Fourteen Things To Do in 2014 To Care Your Soul

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It seems to be this kind of a trendy thing to list “The 10 things…” or “23 Things to Do”, or the “Top 10 Movies”. Here is my contribution with fourteen things to do in the next year to care for your soul. I’ve tried to make them brief and not cheesy. Also, keep this in mind. I don’t expect anyone to take all of these to heart. Go ahead and pick one or two and run with those! Here we go…

14. Read a book from “old, dead” writers. While modern books abound, let me suggest that this year you take some time to read something harder, something that demands your attention, something to read a bit slower. C.S. Lewis suggested that there is sort of a modern snobbery in thinking that everything “old” is somehow out of date. I would suggest that the older spiritual writers had much to say about the state of our soul and how the Christian life is much more than a ten-step program. My suggestion is starting with Devotional Classics or Spiritual Classics both by Richard Foster and James Bryan Smith. These books provide a series of short readings from the spiritual writers down through the centuries. There are even questions at the end to clarify your own heart.

13. Regularly get out and serve the poor and disenfranchised. Besides benefiting others, serving the poor is actually be good for your own soul.

12. Turn off your phone and computer to actually learn how to observe a Sabbath. This one is harder than it seems. The honest truth is that there should be regular times when I am off the grid and not available for anyone else other than God.

11. Spend time thinking deeply about how much consumerism has affected you. Think about living with a little less and giving away a little bit more. Contentment is essential virtue in this day and age of more, better, and faster.

10. Sit down and enjoy a good meal with friends. Have you ever noticed how fast you actually eat? There is something about enjoying your meal as a gift from God. And do this with friends, which is a wonderful picture of fellowship!

9. Take a breather from clichés or even statements that sound good or spiritual but mean nothing. What am I talking about? It can be as inane as, “I’m busy” or “Fine”, when people ask how you are. Learn to be honest with friends when they ask and don’t be in such a hurry!

8. Focus on one sin of the heart for an extended time. This one is a bit longer… We have this preoccupation with getting as much Christian content as we can – books, sermons, online, Bible studies. These are all good and we should not cease to learn as much as we can. However, what it can do is make is an inch deep and a mile wide. If the goal of this teaching is to get the hearers to apply, you know what happens… we make all sorts of application to our lives with nothing ever “sticking”. Thomas à Kempis wrote in The Imitation of Christ that it’s better to focus on one sin for an entire year and get to the root of the sin in one’s heart. In that way, à Kempis says that we will find our progress in spiritual growth will be much fuller and fruitful.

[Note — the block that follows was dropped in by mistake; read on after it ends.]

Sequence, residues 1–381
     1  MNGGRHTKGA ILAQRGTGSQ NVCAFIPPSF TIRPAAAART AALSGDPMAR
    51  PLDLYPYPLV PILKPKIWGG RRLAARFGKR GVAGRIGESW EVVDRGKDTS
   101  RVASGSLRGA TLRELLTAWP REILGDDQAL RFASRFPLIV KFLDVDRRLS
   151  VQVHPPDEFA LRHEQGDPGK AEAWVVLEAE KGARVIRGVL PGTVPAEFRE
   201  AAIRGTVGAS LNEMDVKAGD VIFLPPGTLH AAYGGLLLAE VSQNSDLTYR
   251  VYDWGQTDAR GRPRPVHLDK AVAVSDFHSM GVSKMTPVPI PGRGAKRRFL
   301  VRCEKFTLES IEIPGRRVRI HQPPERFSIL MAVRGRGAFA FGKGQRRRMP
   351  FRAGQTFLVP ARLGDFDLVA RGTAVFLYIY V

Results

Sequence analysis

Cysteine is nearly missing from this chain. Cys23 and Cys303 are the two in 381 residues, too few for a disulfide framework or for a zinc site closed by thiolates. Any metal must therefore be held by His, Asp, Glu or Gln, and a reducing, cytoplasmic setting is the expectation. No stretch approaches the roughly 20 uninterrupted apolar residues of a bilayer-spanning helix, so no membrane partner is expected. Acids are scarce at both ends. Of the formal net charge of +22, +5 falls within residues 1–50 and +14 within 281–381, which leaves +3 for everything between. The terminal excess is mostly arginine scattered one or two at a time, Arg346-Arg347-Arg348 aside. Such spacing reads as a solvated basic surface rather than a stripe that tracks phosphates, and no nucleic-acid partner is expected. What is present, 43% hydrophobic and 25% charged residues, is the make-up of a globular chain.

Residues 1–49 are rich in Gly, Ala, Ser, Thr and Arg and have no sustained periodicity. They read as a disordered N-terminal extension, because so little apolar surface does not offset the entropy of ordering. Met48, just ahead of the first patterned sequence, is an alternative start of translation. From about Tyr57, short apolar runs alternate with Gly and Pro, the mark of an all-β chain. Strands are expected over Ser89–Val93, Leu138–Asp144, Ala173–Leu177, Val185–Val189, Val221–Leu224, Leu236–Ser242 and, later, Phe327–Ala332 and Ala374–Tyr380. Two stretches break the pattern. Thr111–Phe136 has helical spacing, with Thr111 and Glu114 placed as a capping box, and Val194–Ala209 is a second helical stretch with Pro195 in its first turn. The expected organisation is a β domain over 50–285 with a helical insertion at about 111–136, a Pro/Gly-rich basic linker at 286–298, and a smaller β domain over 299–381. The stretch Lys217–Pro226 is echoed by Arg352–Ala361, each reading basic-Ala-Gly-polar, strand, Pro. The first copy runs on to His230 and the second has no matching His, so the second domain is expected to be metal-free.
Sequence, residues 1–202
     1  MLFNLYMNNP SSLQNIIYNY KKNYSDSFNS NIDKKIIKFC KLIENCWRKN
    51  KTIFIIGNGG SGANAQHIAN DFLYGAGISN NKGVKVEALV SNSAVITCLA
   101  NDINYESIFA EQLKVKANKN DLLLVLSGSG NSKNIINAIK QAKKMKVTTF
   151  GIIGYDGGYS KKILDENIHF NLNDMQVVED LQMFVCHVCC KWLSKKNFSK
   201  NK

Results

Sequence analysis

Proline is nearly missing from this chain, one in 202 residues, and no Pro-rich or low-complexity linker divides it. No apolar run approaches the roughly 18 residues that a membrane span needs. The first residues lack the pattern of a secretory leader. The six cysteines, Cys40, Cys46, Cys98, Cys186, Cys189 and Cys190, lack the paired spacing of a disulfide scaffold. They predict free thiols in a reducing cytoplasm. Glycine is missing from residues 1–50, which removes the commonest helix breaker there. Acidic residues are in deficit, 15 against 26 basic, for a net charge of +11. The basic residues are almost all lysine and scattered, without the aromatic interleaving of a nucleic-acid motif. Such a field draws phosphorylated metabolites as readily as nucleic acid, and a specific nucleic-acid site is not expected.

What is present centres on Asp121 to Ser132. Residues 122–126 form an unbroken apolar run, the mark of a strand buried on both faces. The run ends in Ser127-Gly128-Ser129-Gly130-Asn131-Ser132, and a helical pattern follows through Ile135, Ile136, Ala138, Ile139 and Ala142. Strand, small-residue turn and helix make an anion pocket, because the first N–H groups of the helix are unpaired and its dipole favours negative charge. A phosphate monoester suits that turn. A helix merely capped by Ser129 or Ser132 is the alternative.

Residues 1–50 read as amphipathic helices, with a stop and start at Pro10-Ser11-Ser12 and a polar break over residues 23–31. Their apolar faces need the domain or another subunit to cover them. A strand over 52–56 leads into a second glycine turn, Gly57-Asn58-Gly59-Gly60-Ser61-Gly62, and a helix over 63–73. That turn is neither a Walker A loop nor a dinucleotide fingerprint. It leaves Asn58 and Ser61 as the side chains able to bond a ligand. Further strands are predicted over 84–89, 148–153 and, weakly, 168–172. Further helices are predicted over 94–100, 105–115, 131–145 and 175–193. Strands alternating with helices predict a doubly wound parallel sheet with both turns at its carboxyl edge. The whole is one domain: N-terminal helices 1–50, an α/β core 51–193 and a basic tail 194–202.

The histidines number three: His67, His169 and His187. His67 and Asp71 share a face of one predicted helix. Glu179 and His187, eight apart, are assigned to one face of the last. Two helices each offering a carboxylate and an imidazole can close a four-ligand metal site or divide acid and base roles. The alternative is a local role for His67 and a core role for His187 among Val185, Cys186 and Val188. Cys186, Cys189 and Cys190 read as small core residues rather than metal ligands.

7. Mentor someone else. If discipleship is largely missing in the church today, then those of you who have been discipled by another, look for someone at church to take under your wing.

6. Join a small (or smaller) group! The Christian life was not meant to be lived alone but rather with others. As I heard one church say, as good as the worship service on Sunday morning is, spiritual growth is more effective face to face, than it is shoulder to shoulder.

5. Take in a movie that actually makes you think. While we all like the romantic comedies or action thrillers, there is something good about taking in a movie that gets you to think and then discuss with others. Look for themes that speak to the average person’s heart, themes that are universal. Then talk about the connection of those existential longings or emotions to the gospel. Look at the arc of the story, the plot twists, the dilemma that needs resolution, and how the conflict is solved. How does this mesh with God’s overarching narrative of creation, fall, redemption, and restoration in human history?

4. Commit to reading through the Bible in a year. There are many resources out there…. How bout starting with Pastor Lionel’s Lectio Divina! Begin each day prayerfully – something like the sinner’s prayer, “Lord have mercy on me a sinner” or  even Peter’s words in John 6:68, “Jesus, where else will I go, for you have the words of real life, eternal life.” Read with interest not looking for facts, listening to the Lord as you read.

3. Begin to think of and treat your immediate surroundings (work, neighborhood, and coffee houses) as places where God has placed you to represent Him well. Prayerfully enter into these spaces and looking for opportunities God places before you.

2. Regularly think about your life in the context of the two great commandments – to love God fully with all of who you are and to love others with as much attention as you give to yourself. What does it mean to treat God and others as an end in themselves and not as a means to get something else with no sense that they must reciprocate toward you?

1. Take an extended spiritual retreat at a monastery or Abbey. Check with someone who has taken one before to help you plan a weekend away with God in order to care for your soul.

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